Earlier today it was announced that Lord Justice Leveson plans to publish his report from the inquiry into the culture, practices and ethics of the press next Thursday.
The report is expected to be strongly critical of press excesses, and there has been widespread speculation that Leveson will recommend the creation of a new independent press regulator by the Government.
Here are some key numbers to emerge through the Leveson Inquiry.
97 – days the inquiry sat for over eight months.
168 – News of the World's age in years when it shut down.
1% – those in the population who could afford to sue for libel according to former Formula 1 boss Max Mosley, who successfully sued the News of the World after it claimed he took part in a "sick Nazi orgy".
1,404 – meetings David Cameron had with the media during four years and five months as Opposition leader.
163 – pages of e-mails between Adam Smith, special adviser to then Culture Secretary Jeremy Hunt and Fred Michel, News Corp lobbyist, over News Corp's bid for the remaining shares of satellite broadcaster BSkyB.
542 – the number of text messages Michel sent Smith, which Hunt said worked out at about five a day.
48% – proportion of the public wanting much stricter media regulation but who do not expect the Leveson Inquiry to address all their concerns, according to a YouGov poll.
17 – times Rupert Murdoch said "sorry" during the last three hours of his inquiry evidence.
300,000,000 – the number of e-mails News Corp investigators ploughed through in their own investigation into phone hacking, according to Rupert Murdoch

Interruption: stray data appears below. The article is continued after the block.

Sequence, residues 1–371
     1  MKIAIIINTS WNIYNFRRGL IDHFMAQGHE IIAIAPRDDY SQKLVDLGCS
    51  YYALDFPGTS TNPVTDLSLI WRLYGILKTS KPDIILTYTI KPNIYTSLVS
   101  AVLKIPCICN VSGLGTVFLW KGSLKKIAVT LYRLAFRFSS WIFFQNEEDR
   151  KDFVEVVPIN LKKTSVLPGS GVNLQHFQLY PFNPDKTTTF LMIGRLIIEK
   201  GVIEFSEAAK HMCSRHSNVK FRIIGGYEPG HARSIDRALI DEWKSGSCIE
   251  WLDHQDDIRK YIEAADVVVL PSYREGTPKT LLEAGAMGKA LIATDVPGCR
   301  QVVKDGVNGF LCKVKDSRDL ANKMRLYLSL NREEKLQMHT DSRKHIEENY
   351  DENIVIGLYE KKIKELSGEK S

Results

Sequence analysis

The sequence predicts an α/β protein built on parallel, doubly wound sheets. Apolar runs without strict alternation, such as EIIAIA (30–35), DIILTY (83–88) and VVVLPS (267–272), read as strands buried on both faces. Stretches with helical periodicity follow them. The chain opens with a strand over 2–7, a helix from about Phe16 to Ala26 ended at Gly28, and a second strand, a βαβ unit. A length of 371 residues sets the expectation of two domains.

11,000 – the number of pages of names and telephone numbers detectives seized from private investigator Glenn Mulcaire when he was arrested.
54 – the number of names of current and former MPs and peers found among the Mulcaire documents.
150 – Metropolitan Police officers working on phone hacking.
27 – Metropolitan Police officers tracking down paedophiles in the capital.
£40m – the forecasted Metropolitan Police spend on Operation Weeting, the inquiry into phone hacking at the News of the World.
64 – groups representing more than a million young people submitting recommendations to the inquiry calling for reforms to the Press Complaints Commission (PCC) and the Editors Code.
474 – people from whom the inquiry heard evidence.
6,349 – potential victims of phone hacking identified as at February this year.
10 – the number of days a Daily Telegraph team of reporters had to wade through four years' worth of details about the parliamentary expenses scandal.
260 – the minimum number of successful prosecutions achieved because of investigations by Mazher Mahmood, the News of the World's fake sheikh.